It was a summer night in Brixton, 2017; the night I was to perform a live reading of one of my erotic romance novels for the first time. I was BRICKING IT! I downed a glass of rosé to steady my nerves and headed upstairs with my girls in tow. We entered a large black room with moth-eaten velvet curtains, tarnished gilded frames and crystal chandeliers that hung overhead, but the most defining feature of the room was the wall to wall black bodies taking up every seat, lining every wall and spilling out into the hallway. The event was centered around the erotic and to see an abundance of unapologetic, grown and sexy black people in attendance was amazing -t’was a rare sight!
And then I saw her; Madam Storm (my now co-founder of our sexual wellness collective MSSS. Her head was half shaved, with dreadlocks that swung about her leather corseted waist, long legs clad in thigh high stiletto boots, her face seductively obscured by a lace eye mask, and in her hand…a whip. I’d never seen a black dominatrix in the flesh before -she was this kinky fairy-tale creature made real and I fell in love in an instant. Along with Madam Storm were some adult performers from overseas who I’d admired for years -Glamazon Tyomi and Jet Setting Jasmine and King Noire of Royal Fetish Films. *Fangirling intensified* -I was SHOOKETH!
Most sex positive spaces in the UK look like diversity box ticking
. . . and it’s not because of lack of educators, content creators or performers. I’d never seen this many black performers/hosts/panellists in a sex positive space. I’m used to maybe seeing a ‘token’ black person…maybe a ‘token’ Asian person if they’re really pushing the diversity boat out…but that’s about it. This example of the lack of representation is the reason why there are spaces created specifically for black womxn, because a lot of the existing ones aren’t as intersectional as they should be, therefore our sexuality isn’t as normalised as it could be. This has a trickledown effect. As I discussed in my previous post, The Stigma Around Black Sexuality and How to Break It, black communities are still quite behind in unlearning sexual shame and learning to embrace their sexuality. As with every other industry, it is important that the voices of non-white people are amplified, because not being included in the mainstream forces people to go underground, which slows the necessary conversations non-white communities need to have, because people aren’t seeing themselves celebrated openly.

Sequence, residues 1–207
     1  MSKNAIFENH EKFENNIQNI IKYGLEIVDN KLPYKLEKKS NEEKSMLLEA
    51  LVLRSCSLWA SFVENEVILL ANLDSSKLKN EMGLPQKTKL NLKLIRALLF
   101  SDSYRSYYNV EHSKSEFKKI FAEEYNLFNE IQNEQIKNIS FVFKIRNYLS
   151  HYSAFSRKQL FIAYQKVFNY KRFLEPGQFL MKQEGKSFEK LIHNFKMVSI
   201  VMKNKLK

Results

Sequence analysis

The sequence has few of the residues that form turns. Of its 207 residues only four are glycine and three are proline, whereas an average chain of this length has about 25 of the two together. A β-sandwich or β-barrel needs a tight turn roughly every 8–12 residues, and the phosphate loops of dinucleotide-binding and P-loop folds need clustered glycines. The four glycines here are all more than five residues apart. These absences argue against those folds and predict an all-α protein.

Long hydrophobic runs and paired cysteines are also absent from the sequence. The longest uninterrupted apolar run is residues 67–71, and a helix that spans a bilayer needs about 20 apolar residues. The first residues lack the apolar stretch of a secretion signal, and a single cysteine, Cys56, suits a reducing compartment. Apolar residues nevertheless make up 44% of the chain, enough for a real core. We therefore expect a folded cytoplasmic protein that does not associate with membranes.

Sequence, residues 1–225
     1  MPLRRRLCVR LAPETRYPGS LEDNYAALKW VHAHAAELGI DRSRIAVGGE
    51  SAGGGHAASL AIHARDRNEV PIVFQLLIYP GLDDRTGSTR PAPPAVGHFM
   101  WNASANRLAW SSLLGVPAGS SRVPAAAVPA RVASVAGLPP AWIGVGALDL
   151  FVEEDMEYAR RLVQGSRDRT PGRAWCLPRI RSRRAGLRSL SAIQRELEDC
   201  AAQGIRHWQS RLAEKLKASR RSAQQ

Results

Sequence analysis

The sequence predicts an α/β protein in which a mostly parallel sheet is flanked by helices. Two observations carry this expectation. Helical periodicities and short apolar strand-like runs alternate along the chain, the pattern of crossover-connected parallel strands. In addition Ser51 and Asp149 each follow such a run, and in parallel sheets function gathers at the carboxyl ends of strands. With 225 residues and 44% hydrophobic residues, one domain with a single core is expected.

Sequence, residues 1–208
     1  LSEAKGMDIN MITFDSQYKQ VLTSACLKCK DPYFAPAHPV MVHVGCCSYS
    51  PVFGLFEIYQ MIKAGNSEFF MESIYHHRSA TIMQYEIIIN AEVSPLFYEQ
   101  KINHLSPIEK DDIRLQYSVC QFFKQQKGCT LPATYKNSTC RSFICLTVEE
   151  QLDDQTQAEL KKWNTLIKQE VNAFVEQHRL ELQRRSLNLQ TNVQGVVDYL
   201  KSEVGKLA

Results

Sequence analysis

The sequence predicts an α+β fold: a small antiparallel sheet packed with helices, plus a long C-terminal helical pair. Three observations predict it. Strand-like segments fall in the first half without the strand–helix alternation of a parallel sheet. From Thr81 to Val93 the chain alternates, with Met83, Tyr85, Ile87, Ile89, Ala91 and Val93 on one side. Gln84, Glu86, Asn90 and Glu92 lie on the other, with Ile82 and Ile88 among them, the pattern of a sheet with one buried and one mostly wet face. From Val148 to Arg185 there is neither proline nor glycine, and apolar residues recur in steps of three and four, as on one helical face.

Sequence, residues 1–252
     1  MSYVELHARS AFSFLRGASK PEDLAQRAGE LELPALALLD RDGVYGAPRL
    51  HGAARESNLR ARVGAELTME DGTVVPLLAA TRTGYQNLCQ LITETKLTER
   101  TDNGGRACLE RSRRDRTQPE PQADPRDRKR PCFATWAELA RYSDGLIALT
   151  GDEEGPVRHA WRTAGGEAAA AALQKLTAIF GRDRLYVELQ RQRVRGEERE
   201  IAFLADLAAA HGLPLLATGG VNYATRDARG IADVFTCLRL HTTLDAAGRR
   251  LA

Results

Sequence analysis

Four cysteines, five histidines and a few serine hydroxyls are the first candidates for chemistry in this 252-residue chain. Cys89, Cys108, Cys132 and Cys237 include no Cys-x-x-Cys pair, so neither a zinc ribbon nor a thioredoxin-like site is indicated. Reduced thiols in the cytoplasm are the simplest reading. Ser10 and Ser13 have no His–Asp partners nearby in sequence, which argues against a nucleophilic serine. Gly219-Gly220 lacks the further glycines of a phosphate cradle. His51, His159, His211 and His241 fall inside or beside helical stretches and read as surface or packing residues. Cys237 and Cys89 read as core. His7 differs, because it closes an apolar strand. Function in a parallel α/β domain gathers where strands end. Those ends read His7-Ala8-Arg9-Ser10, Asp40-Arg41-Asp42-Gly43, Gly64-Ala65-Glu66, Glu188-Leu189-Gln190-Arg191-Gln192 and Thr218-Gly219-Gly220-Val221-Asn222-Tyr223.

Sexuality is universal. It is something that everyone has in common, so why is sex positivity so whitewashed?
As a sexual wellness content creator, I work with adult brands a lot. Often, when I am browsing their sites, all I see are whiteness. White hands holding sex toys, white figures modelling lingerie/fetish wear, white faces in the throes of ecstasy, white couples being intimate, or the emulation of ‘lifelike’ sex toys where once again, white bodies are displayed…unless maybe it’s a ‘GIANT BLACK COCK’ that panders to the Mandingo fantasy. Imagine if you are not white and this is generally what you see; would you feel like sex positivity includes you?